Due to the increase in international travel, weekly applications for passports are up 30 – 40 percent compared to the previous year, and searches for passports “recently hit an all-time high in the U.S.,” according to the search engine Google. This means that passport wait times are longer than normal. As of April 2023, it’s estimated it will take 10-13 weeks for routine passport service and seven to nine weeks for expedited service, which is typically how long it takes standard passport processing.
2. Be Flexible with Travel Dates and Destinations
Being flexible with your travel dates and destination can save you a significant amount of money.
Kristin McGrath, shopping expert for RetailMeNot suggested experimenting with different travel dates to find a more affordable airfare. “Experiment with different travel dates,” she said. “If your travel plans are flexible, check alternative flight dates to see if you can dig up a lower fare. You may be able to trim your ticket price by changing your dates by as little as one day.”
Trae Bodge agreed that savings on flights are actually not difficult as people think. She suggested the best time to travel. “Think about traveling midweek if you can because the prices are lower in the middle of the week as compared to weekends. Use tools like Hopper or Google Flights to get a sense of the cheapest day of the week to travel,” she recommended.
She further said that flight tickets are cheaper on Tuesdays and Wednesdays versus other weekdays. “You can save if you have the flexibility to travel on weekdays rather than Saturdays and Sundays.”
Bodge added that being flexible with the airport choice is also a smart way to save money. For example, if you’re traveling to Washington, DC, consider checking the cost of flights at nearby airports to Reagan International, such as Baltimore International in Maryland or Dulles International in Virginia.
An alternate option to travel domestically is to consider a road trip instead of flying.
“Don’t let Instagram influencers make you think you can’t travel on a budget, and don’t believe travel isn’t worthwhile just because you don’t have a lot of money to spend,” Samantha Brown, travel expert and host of PBS’s Emmy-winning series, Samantha Brown’s Places to Love, told Travel + Leisure.
“Road tripping saves on both costs and stress because so much travel anxiety can be attributed to airports and airlines.” She continued, “Take more road trips in your own car and explore your own state. Travelers rarely think about their own backyard, but they should.”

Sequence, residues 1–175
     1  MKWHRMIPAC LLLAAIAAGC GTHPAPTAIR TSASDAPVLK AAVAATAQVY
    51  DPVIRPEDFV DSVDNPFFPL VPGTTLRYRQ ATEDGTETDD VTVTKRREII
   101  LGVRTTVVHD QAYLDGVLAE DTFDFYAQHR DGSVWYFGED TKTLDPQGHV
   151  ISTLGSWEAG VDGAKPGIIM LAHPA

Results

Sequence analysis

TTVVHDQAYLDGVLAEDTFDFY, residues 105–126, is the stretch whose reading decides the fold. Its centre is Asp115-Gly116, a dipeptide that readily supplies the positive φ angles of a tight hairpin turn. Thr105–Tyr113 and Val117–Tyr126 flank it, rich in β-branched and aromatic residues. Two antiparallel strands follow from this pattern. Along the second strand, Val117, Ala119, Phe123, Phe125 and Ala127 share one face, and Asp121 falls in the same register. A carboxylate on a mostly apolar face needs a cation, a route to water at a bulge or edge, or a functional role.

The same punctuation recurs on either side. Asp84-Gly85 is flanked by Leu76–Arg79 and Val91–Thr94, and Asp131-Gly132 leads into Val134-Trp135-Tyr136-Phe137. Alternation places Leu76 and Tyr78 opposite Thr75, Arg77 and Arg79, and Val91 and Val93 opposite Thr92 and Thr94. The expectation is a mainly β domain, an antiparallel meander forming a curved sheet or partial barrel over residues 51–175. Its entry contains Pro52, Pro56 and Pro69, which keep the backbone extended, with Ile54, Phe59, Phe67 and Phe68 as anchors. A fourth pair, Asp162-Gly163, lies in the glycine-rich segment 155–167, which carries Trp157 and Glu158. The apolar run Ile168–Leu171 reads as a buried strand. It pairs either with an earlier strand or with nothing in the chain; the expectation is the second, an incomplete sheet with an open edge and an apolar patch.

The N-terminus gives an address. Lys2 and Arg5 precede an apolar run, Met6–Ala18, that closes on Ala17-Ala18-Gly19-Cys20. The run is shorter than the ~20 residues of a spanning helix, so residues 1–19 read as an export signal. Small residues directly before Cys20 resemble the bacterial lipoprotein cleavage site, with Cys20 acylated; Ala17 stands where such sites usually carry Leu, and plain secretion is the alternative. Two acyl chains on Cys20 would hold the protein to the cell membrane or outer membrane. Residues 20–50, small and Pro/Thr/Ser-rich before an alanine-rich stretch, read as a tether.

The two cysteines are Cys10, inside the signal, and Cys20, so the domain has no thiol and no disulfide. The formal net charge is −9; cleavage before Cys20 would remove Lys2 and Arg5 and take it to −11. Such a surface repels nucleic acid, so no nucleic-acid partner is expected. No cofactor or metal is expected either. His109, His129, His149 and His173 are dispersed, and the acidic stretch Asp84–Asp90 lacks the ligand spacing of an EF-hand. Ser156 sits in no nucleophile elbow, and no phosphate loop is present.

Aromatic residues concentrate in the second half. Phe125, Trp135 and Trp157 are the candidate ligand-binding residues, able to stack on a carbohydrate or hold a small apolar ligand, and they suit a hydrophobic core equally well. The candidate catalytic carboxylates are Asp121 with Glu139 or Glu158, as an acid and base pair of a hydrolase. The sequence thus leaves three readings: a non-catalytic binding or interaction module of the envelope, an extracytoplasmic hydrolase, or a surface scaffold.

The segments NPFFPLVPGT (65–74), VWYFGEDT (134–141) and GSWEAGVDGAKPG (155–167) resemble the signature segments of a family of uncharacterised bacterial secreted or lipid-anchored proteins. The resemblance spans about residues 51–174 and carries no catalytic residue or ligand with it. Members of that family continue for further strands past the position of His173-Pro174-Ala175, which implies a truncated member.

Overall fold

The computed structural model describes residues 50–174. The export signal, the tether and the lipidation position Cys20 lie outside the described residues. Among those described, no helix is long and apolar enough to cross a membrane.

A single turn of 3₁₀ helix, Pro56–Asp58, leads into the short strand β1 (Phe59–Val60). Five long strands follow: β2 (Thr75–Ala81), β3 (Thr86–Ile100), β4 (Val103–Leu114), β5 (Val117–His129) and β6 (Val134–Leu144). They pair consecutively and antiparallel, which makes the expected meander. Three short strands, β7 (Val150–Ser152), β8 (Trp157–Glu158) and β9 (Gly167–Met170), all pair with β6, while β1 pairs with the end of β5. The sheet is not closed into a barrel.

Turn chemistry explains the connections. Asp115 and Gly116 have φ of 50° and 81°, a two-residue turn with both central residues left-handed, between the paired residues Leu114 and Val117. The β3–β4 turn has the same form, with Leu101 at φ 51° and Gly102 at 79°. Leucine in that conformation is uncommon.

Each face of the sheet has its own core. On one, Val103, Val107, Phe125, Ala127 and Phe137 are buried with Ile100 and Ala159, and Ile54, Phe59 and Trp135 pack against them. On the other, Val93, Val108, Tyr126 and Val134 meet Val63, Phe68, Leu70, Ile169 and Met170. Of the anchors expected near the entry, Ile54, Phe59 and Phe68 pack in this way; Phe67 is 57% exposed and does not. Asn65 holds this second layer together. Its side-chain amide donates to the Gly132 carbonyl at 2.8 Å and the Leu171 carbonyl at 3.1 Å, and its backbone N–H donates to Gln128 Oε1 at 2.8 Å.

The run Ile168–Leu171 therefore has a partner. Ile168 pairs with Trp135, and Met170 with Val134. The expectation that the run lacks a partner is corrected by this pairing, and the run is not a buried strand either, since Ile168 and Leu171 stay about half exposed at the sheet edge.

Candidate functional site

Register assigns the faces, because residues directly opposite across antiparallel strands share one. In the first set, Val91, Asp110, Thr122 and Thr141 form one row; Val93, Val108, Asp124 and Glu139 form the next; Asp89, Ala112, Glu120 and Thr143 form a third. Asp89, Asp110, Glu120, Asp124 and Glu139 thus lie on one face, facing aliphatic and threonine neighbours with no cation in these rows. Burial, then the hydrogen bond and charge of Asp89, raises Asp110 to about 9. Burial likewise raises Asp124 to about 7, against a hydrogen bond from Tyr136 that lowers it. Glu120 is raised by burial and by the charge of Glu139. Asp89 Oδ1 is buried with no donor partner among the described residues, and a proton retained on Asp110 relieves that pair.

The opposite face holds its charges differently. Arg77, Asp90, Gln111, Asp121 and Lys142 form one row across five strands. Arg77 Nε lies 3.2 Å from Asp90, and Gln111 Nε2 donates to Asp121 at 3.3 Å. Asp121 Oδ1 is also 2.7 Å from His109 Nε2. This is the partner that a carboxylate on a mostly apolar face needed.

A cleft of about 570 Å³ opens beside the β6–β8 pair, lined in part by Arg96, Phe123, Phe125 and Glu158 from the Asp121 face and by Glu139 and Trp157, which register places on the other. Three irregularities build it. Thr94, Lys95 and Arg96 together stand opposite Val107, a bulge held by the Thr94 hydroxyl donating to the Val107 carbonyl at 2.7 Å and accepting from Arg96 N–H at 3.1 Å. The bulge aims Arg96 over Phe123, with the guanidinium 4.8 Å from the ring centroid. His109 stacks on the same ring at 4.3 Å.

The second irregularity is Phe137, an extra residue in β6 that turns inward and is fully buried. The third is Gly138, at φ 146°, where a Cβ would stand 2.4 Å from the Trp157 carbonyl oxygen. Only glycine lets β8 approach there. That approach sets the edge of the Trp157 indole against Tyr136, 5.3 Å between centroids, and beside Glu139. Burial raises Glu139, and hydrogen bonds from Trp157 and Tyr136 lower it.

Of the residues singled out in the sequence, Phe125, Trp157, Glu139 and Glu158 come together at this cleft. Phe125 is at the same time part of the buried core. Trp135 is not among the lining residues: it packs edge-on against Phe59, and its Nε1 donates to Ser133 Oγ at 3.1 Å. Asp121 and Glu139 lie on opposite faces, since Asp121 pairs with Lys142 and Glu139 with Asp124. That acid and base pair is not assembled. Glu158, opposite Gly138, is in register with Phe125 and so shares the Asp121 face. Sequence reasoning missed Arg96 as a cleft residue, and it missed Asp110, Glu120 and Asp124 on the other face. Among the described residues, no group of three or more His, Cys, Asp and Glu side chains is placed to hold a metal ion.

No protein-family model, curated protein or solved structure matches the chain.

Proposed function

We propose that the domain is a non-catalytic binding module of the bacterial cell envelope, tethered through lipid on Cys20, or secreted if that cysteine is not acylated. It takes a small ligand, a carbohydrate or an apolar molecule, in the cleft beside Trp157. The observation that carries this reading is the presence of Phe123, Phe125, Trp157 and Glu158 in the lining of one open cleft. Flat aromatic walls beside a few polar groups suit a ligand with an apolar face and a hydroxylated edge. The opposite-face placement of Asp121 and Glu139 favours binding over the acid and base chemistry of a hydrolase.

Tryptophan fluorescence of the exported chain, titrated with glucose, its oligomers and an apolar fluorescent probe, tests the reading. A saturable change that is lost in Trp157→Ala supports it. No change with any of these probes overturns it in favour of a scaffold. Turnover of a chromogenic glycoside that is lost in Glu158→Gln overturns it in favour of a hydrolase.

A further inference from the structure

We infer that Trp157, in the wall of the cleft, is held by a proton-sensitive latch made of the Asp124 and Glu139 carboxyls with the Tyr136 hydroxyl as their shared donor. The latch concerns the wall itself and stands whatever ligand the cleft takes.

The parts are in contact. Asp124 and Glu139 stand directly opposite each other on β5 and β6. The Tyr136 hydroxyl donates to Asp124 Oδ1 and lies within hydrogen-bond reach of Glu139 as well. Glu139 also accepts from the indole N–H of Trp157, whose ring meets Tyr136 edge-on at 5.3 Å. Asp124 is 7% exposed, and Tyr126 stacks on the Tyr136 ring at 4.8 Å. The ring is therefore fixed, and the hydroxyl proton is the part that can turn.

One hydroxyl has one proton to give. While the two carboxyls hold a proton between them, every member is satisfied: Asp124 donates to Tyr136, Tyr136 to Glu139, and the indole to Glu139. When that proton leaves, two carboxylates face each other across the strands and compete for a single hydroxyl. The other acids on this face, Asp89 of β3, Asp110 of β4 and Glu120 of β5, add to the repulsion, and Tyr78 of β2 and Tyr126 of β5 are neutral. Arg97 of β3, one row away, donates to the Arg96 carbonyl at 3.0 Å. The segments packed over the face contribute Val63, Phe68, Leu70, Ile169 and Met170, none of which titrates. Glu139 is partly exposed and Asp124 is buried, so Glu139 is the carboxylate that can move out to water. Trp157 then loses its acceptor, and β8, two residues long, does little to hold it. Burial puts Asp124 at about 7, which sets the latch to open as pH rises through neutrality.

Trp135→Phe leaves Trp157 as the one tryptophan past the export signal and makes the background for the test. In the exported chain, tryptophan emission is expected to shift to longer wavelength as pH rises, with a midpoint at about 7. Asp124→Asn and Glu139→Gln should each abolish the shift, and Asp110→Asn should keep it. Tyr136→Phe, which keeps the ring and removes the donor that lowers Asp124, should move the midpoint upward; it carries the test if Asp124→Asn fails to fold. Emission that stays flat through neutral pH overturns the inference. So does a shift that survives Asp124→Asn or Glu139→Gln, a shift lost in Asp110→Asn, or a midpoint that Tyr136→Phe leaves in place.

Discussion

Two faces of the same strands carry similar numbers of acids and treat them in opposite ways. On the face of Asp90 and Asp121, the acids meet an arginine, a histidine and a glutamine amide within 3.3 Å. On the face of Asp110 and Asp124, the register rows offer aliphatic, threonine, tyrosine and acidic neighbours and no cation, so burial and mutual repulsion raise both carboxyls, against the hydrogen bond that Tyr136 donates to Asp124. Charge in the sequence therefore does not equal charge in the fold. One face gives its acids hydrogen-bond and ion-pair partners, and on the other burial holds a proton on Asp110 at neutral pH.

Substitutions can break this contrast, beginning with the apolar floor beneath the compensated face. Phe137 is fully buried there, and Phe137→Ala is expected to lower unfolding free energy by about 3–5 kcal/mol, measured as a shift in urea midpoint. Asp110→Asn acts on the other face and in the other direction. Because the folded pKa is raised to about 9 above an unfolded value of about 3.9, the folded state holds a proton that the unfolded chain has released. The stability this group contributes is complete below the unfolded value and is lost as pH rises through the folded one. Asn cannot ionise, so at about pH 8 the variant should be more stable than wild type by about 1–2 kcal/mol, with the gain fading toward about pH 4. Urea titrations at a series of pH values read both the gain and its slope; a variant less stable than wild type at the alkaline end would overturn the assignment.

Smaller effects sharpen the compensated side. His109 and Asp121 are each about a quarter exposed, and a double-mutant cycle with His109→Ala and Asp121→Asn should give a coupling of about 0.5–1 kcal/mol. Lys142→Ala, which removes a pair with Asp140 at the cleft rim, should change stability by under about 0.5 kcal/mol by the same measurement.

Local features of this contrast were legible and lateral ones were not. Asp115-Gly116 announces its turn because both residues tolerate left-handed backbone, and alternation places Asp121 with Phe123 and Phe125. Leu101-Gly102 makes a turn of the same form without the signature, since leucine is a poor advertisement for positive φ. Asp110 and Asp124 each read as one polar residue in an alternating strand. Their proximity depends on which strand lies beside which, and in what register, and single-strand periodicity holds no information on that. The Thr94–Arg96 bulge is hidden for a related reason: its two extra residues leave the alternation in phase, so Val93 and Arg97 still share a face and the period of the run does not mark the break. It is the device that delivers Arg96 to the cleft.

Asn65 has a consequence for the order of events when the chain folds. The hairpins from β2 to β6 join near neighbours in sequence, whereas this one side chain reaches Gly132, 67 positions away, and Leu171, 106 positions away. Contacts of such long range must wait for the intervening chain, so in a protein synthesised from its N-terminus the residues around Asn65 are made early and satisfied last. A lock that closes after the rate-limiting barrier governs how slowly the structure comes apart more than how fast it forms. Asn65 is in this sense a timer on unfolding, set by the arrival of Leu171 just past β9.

“Think in terms of opposites: If it’s summer and everyone’s going to the beach, head to a city and enjoy all their free events, such as outdoor concerts.”
Courtney Alev of Credit Karma agrees. “A fun getaway doesn’t always involve a flight. Look at destinations that are within driving distance of home and see where you can go close by.”
3. Fly Direct, Nonstop Flights
Although taking a layover on your flight itinerary can save you an average of 20 percent on airfare, if you miss your connecting flight or experience a flight delay, it may cost you more in the end.
In Summer 2022, many airlines were forced to cut thousands of flights because they didn’t have the staff to service them. According to the U.S. Department of Transportation, more than 15,000 flights – 2.5 percent of all scheduled routes – were canceled between June 1 and August 31. And over 132,000 flights (21.6 percent) were delayed by 15 minutes or more during that same period. The result: missed vacations, extra full flights, and sky-high fares.
Flying direct “removes a lot of uncertainty,” said Snyder.
However, if you’re on a tight budget and are willing to chance a delay in getting to your vacation destination, Snyder recommends you build in more time between connecting flights.
“Airlines are selling itineraries with increasingly minimal connecting times – 35 minutes at Chicago O’Hare, for example,” said Snyder. “That doesn’t give you much room for error,” he said. “That gives you no room for error.”
4. Look for Deals and Discounts
Look for package deals that combine flights, accommodations, and car rentals, as they can often save you money. In addition to saving money, you’ll know the price of your entire trip at the time of booking, rather than getting a cheap flight only to be surprised by the cost of hotels and car rentals.
Also, consider booking your flights and accommodations in advance to take advantage of early bird discounts. Historically, airlines and hotels offer deals when demand dips during the summer, but there’s no guarantee any discounts are coming this summer.
“We aren’t seeing any dip in demand,” said Hayley Berg, lead economist at Hopper, a travel booking platform. “It seems incredible that the demand could be sustained, but we’re not seeing any weakness right now.”